Most of the measles cases originated at two Disney theme parks in Anaheim, California, where the state’s public health department said on Wednesday that the majority of the people who caught it were unvaccinated. State epidemiologists think the outbreak began with a measles-infected visitor in mid- to late December, and urged people who haven’t been vaccinated to avoid theme parks, airports and other places where international travelers might visit.
The measles outbreak sheds light on a growing anti-vaccination movement, spread by parents and advocates, including former ABC television host Jenny McCarthy. As a result, parents may opt not to immunize their children because of religious beliefs or the fear that vaccines are linked to developmental problems such as autism. While every U.S. state requires children to provide proof of immunization before entering public school, most states offer parents religious exemptions from vaccinating their kids before enrollment, and 18 states allow them to skip out on vaccines due to “personal beliefs,” according to the Johns Hopkins Institute for Vaccine Safety.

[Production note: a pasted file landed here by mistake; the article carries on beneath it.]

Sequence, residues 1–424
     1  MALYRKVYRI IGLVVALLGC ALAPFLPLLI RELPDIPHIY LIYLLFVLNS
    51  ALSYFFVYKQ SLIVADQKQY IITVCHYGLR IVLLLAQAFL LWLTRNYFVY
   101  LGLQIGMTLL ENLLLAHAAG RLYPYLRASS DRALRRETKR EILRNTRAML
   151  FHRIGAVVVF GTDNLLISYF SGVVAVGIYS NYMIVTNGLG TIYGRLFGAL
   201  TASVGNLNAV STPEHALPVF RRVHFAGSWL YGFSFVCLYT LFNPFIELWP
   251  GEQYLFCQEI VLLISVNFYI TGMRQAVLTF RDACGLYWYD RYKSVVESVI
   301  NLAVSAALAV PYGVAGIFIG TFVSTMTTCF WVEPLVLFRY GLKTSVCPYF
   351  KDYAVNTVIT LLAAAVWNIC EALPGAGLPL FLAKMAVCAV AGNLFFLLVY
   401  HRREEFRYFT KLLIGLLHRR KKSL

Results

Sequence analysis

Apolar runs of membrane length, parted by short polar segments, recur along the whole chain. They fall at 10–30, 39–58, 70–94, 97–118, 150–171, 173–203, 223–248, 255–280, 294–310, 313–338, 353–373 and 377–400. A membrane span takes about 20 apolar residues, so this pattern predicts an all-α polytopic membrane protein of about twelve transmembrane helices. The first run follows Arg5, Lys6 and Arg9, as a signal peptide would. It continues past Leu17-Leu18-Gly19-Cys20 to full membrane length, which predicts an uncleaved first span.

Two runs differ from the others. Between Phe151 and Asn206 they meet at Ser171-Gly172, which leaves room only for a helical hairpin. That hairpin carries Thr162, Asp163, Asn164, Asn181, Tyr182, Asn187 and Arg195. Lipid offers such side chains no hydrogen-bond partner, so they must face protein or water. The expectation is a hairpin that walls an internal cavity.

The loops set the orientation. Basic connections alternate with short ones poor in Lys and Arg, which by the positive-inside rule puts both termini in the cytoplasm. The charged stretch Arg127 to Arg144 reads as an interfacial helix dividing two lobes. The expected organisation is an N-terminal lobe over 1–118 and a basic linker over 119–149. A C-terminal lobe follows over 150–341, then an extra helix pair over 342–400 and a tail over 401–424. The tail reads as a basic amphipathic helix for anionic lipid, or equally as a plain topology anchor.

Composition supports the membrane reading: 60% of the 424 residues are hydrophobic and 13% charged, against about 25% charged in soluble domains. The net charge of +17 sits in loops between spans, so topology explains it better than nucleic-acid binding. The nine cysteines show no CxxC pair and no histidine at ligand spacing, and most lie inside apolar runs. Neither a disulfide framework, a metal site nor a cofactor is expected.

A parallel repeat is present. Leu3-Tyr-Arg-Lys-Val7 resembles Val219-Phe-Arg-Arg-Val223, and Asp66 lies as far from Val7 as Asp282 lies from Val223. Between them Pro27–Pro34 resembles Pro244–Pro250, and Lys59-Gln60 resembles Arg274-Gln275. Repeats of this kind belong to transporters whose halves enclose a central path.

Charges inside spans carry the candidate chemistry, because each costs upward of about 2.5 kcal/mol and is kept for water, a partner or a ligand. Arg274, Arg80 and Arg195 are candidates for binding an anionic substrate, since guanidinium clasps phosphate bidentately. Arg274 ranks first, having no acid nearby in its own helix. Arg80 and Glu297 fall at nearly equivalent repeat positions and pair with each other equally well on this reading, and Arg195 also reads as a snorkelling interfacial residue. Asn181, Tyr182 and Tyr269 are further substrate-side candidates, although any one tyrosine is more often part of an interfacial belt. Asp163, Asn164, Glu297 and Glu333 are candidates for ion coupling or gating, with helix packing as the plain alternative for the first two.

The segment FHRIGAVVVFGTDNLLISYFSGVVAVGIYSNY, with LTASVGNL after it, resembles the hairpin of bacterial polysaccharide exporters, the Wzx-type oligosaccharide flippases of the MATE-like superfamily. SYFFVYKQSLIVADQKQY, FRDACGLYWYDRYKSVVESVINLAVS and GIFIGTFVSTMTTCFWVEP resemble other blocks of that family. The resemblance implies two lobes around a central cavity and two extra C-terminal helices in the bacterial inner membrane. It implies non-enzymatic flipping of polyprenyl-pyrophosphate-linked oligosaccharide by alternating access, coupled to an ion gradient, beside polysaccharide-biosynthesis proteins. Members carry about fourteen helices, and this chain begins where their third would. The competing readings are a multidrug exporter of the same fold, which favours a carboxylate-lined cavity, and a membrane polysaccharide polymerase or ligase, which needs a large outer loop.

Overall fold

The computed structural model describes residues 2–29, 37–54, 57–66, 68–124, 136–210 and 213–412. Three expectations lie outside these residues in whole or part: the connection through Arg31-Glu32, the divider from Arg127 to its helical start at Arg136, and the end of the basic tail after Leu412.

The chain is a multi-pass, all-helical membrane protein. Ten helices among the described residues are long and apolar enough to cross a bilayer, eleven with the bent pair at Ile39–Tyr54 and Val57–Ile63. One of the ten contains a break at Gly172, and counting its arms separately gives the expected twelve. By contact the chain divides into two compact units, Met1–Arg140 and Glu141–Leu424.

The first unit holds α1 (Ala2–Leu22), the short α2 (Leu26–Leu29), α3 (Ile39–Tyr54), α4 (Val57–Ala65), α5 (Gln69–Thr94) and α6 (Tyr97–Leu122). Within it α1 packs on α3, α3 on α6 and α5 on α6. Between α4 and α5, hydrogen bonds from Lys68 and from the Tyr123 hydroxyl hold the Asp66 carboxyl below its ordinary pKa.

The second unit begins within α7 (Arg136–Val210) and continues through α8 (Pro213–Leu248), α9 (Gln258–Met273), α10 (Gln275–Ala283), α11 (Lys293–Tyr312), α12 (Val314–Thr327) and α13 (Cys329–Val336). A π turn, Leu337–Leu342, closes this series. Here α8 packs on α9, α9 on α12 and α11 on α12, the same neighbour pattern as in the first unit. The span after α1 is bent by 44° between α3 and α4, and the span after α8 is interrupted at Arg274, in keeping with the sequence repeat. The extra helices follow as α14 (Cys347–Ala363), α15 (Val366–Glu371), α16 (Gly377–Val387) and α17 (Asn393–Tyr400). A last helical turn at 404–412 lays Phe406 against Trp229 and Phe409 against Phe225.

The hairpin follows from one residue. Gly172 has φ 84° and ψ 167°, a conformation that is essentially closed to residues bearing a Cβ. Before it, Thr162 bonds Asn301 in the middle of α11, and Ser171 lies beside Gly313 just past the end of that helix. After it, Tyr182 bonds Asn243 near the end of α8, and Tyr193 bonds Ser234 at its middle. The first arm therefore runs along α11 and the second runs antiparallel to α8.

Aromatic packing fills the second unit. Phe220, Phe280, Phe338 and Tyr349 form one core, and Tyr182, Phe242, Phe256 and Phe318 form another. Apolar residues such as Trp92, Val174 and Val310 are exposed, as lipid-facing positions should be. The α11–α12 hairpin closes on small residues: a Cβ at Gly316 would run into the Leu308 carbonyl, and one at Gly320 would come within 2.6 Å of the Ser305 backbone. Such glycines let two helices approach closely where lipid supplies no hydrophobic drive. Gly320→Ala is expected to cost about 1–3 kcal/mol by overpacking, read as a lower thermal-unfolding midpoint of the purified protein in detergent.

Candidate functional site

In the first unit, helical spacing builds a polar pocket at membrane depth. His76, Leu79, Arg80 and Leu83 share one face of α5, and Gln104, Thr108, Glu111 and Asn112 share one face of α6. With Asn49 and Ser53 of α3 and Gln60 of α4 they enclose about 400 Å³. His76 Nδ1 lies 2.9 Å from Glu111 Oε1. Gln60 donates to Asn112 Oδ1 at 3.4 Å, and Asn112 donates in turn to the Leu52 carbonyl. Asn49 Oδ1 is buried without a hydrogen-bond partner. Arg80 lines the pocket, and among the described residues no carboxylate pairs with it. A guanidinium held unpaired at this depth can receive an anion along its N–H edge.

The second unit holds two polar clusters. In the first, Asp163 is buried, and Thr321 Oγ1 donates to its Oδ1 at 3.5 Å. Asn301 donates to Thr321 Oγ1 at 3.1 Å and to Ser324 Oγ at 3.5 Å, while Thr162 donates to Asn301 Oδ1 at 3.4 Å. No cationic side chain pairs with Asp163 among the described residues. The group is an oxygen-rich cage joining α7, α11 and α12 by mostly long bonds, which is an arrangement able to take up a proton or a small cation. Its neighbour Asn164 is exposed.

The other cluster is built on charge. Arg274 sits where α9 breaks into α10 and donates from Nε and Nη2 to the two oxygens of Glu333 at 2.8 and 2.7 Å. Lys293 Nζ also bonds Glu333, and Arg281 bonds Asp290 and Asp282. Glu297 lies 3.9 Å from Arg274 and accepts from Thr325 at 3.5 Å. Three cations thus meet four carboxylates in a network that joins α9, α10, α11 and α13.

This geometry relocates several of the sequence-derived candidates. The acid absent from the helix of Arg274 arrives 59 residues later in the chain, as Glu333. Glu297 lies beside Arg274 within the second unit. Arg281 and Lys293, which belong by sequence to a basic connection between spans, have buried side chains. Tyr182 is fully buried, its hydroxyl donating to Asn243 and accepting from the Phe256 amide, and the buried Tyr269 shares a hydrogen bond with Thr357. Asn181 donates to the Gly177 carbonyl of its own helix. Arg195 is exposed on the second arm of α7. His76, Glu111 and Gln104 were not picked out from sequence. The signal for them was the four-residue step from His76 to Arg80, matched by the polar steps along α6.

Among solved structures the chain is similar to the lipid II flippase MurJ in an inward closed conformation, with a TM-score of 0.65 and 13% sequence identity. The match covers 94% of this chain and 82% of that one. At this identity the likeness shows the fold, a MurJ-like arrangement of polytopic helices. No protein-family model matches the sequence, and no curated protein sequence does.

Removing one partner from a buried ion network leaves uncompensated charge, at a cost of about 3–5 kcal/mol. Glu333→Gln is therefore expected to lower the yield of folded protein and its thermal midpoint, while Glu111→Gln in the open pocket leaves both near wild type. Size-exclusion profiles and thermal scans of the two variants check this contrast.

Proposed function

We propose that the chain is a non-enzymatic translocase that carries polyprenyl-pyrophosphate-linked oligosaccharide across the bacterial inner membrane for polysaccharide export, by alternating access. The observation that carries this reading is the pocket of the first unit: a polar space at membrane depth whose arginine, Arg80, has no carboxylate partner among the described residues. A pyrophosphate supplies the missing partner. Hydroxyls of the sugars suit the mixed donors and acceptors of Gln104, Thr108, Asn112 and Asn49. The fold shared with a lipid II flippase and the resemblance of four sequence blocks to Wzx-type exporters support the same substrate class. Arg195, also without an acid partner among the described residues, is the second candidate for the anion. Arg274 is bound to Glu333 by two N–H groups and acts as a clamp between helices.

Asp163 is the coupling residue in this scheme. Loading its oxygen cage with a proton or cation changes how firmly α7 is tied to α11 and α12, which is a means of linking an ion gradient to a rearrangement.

Scientists have thoroughly debunked the notion that autism is linked to vaccines, but certain U.S. states such as California, Oregon, Washington and Vermont have seen a rise in vaccine refusals from parents. A 2009 study in the New England Journal of Medicine found that state-level vaccine exemptions based on personal beliefs increased to an average of 2.54 percent in 2004 from 0.99 percent in 1991. More recent data show that “personal beliefs” exemptions among kindergartners have risen by nearly 1 percentage point since 2008 (PDF) in California, and a study published Monday in the journal Pediatrics identified a number of unvaccinated “hot spots” in California’s Bay Area, some where more than 10 percent of parents don’t vaccinate their kids.